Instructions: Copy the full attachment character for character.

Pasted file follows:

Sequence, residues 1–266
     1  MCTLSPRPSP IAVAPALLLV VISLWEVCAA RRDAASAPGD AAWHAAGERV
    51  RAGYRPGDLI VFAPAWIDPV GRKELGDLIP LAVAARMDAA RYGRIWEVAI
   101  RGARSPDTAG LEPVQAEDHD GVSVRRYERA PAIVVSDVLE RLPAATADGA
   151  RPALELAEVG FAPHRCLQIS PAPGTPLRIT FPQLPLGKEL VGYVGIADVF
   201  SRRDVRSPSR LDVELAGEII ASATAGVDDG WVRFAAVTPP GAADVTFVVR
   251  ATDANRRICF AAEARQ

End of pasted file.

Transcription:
Sequence, residues 1–266
     1  MCTLSPRPSP IAVAPALLLV VISLWEVCAA RRDAASAPGD AAWHAAGERV
    51  RAGYRPGDLI VFAPAWIDPV GRKELGDLIP LAVAARMDAA RYGRIWEVAI
   101  RGARSPDTAG LEPVQAEDHD GVSVRRYERA PAIVVSDVLE RLPAATADGA
   151  RPALELAEVG FAPHRCLQIS PAPGTPLRIT FPQLPLGKEL VGYVGIADVF
   201  SRRDVRSPSR LDVELAGEII ASATAGVDDG WVRFAAVTPP GAADVTFVVR
   251  ATDANRRICF AAEARQ